“Both of these guys have the ability to really help strengthen our team,” Isaac said. “Hopefully, they can add some depth for us.

“Once they get comfortable hitting the ball again, I think they might be able to work their way into doubles competition.”

Nelson, according to Isaac, was a state qualifier in Wyoming during his high school career.

Isaac said last year’s conference championship is paying dividends in his recruiting efforts.

“It’s definitely a recruiting tool,” he said. “Now that I’m on campus full time, it makes a difference, too.

“That difference won’t necessarily be felt until next year and the years to come, but just the time I have to devote to recruiting helps,” he added. “On-campus visits by prospective students are now a priority, whereas I used to have to schedule them around other things.”

Isaac said Tabor’s athletic facilities are a definite advantage in recruiting.

“Our weight room, campus recreation center, fitness center, and our new training facility are right up there with anyone else in the conference,” he said. “In addition, our indoor practice facility combined with our recent championship has really made an impression on some kids.”

While not conceding the conference title, Isaac said the definite favorite this spring is Bethany College.

“They brought in a Swedish player who bumped their No. 1 down to No. 2 and they return an awful lot,” he said. “I think it’ll be a battle for that second spot, and I think we’re capable of competing for that spot.”

Isaac said the heavy loss his team suffered since last year didn’t go unnoticed by other conference schools.

“Most coaches are kind of writing us off because of the number of players we lost,” he said. “But that’s fine because I’d rather not be looked upon as the favorite. Maybe we can sneak in on some of them.”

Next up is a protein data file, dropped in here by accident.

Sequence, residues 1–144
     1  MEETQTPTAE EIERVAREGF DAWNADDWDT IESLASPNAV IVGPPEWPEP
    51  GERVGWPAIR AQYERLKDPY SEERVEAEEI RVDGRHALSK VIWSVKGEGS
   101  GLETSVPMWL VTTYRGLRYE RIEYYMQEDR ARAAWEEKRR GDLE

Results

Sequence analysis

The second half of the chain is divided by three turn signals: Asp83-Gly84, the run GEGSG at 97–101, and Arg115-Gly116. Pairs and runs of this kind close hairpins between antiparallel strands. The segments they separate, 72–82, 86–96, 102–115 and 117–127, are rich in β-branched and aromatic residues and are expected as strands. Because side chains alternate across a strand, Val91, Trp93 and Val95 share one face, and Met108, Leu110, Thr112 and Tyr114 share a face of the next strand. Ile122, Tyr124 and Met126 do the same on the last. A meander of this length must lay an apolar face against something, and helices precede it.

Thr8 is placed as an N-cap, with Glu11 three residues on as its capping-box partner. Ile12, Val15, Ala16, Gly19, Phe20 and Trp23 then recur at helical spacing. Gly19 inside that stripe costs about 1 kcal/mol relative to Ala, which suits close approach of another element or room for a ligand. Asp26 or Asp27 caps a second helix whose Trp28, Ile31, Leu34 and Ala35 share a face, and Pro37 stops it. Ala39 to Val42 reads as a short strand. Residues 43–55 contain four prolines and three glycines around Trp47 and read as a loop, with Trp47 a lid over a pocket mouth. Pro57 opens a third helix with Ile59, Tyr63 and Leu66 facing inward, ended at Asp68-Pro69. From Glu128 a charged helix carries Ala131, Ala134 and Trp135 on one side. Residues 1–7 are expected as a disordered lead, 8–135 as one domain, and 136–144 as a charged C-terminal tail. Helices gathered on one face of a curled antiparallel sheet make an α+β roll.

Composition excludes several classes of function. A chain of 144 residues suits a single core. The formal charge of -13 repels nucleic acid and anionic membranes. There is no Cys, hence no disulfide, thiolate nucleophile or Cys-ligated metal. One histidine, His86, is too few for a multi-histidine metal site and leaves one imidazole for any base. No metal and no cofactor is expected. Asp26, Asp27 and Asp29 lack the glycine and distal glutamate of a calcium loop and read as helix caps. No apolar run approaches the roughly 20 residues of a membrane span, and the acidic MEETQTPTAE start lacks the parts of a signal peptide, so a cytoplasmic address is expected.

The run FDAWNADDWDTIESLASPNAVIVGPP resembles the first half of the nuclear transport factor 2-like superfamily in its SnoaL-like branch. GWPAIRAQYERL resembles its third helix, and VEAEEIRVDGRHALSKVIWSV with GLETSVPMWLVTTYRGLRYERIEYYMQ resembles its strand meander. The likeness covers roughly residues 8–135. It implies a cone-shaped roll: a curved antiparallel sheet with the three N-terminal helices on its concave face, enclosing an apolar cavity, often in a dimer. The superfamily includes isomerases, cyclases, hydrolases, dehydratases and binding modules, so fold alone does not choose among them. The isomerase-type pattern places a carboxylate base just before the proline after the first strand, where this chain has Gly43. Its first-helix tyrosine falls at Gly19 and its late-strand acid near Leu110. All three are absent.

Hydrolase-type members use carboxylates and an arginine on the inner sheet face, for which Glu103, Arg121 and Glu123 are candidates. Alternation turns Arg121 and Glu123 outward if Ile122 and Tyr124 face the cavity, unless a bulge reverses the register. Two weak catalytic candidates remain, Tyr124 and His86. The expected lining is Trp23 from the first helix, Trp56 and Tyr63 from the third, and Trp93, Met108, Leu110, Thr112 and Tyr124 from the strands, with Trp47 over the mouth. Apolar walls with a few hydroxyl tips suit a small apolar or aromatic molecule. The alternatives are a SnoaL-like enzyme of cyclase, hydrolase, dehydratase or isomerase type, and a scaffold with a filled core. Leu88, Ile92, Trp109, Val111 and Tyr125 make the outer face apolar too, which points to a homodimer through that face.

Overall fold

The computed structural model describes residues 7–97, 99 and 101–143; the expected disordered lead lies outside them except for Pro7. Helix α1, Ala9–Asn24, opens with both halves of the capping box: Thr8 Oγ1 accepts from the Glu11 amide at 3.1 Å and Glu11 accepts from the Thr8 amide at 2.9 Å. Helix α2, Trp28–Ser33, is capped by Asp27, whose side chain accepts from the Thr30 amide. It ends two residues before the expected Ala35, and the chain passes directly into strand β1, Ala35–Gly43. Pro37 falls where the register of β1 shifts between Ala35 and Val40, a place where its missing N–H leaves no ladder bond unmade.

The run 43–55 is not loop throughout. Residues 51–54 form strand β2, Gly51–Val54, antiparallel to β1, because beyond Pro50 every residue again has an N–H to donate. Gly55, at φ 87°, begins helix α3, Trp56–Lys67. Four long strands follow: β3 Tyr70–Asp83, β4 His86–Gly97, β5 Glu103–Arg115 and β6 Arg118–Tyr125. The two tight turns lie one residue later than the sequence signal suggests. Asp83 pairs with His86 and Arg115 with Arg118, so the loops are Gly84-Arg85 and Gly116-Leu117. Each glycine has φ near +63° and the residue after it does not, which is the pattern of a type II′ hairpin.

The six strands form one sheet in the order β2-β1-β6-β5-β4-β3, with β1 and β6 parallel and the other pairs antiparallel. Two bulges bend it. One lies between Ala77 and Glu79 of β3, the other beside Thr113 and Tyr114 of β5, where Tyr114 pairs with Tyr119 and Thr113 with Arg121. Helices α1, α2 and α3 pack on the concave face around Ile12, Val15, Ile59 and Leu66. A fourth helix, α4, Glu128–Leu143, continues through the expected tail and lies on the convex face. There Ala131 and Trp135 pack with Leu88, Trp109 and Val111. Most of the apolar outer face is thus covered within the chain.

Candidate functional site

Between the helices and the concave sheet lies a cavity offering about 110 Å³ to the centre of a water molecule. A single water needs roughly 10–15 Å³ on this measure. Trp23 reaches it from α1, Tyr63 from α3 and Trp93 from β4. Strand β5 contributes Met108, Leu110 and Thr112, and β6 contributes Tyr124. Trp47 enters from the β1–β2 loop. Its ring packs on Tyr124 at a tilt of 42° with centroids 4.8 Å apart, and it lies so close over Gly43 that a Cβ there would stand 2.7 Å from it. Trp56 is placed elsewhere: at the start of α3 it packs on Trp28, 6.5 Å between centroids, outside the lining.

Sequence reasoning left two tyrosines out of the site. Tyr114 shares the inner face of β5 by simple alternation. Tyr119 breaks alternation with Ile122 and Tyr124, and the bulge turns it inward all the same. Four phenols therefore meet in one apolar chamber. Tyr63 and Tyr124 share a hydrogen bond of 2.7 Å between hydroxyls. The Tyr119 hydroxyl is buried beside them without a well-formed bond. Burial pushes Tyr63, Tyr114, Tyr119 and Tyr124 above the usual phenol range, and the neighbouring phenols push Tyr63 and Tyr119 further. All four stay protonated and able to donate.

Isaac said he’s recently taken notice of area junior college talent, but as with all recruits, he has to match student-athletes with what Tabor College stands for.

“It’s important we’re up front with the kids and their parents when it comes to what’s expected of them if they choose to attend Tabor College,” he said. “We’re going after kids who we think can make a difference on the tennis courts, but we also look for kids that are going to be good role models on campus and be good academically.”

‘”We have to make sure our athletes buy into the overall atmosphere and beliefs of Tabor College.”

Isaac said while the talent level of the team this year isn’t what it was last season, he hopes those deficiencies can be overcome in other areas.

“We aren’t in the top two or three in the conference with our talent,” he said. “So we need the kids to really focus in practice and have them commit to doing things outside of practice.

“We’ll have to outwork the other teams.”

Resurfacing the on-campus tennis courts and upgrading the fences surrounding those courts are on Isaacs’ wish list, but overall he’s satisfied with the direction the Tabor tennis program is heading.

“I think it’s just a matter of having a good foundation of players,” he said. “There’s no reason to think that we can’t consistently compete for a conference title once we get that foundation laid.”